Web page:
Statement Issued for Fifth Anniversary of Encyclical Evangelium Vitae
STATEMENT ISSUED FOR FIFTH ANNIVERSARY OF ENCYCLICAL EVANGELIUM VITAE
Pontifical Academy for Life
During the Sixth General Assembly of the Pontifical Academy for Life, held in Rome from 11 to 14 February, a group of experts from various nations representing the five continents met in a common task of study and research and presented separate but coordinated reports illustrating the change of thought and law concerning the right to life in the areas of procreation, the integral development of the individual, the human advancement of peoples, medical assistance and the dignity of the dying, as they are found today five years after the publication of the Encyclical Evangelium vitae.
The teaching of His Holiness John Paul Il's Encyclical Evangelium vitae and the Church's efforts in recent years to defend life in the context of international and national policies and norms formed the thematic and normative reference point for the reports and ensuing discussions, to which participants made their contributions according to the Academy's particular methodology.
At the end of their work the academicians made the following observations. Here is a translation of their statement, which was written in Italian.
1. In agreement with the Encyclical Evangelium vitae we reaffirm our conviction that "man is called to a fullness of life which far exceeds the dimensions of his earthly existence, because it consists in sharing the very life of God.... The Gospel of God's love for man, the Gospel of the dignity of the person and the Gospel of life are a single and indivisible Gospel" (Evangelium vitae, n. 2). This Gospel is waiting to be proclaimed to all men and women, so that they will love the life of every human being and strengthen their awareness of the need to defend life also during its earthly experience, from fertilization until natural death.
2. In analyzing the international discussion over the last five years, we recognize the great timeliness of the Encyclical, in which the Church condemns a series of attacks on human life, such as contraception, sterilization, abortion, artificial procreation, the production, manipulation and destruction of human embryos and euthanasia. Today these call for ever greater social and legal vigilance, since there is a tendency to recognize them as positive rights.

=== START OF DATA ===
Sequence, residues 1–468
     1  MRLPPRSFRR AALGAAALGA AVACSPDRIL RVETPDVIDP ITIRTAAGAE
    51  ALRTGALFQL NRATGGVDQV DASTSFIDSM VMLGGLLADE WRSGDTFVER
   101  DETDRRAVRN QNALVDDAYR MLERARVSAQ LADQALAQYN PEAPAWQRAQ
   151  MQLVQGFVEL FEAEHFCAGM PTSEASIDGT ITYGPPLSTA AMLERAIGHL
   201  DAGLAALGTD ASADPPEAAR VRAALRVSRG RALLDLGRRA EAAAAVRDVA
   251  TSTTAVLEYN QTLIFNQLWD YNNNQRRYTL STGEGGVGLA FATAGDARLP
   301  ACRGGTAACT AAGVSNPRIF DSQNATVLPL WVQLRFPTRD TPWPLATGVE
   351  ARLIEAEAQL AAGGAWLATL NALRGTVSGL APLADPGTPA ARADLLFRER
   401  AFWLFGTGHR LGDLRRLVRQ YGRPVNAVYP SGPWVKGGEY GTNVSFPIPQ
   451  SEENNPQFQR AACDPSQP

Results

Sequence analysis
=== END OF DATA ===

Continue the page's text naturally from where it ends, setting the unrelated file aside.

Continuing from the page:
3. Indeed, the distinctive feature of our time consists not only in the killing of innocent human beings, which has been perpetrated since antiquity, but in something far worse: the legalization of this crime in specific circumstances, as though it were "a right". It is no surprise then that the most serious and critical controversies arise precisely with regard to the law (cf. Evangelium vitae, n. 72). Recent history indicates, as the Holy Father has observed, that "the evidence shows with increasing clarity how policies and laws opposed to life are causing societies to decline, not only morally but demographically and economically. The Encyclical's message can therefore be presented not only as true and authentic guidelines for moral rebirth, but also as a reference-point for civil salvation" (Address at the Commemoration of the Fifth Anniversary of the Encyclical " Evangelium vitae", 14 February, n. 4; L’Osservatore Romano English edition, 23 February, p. 4).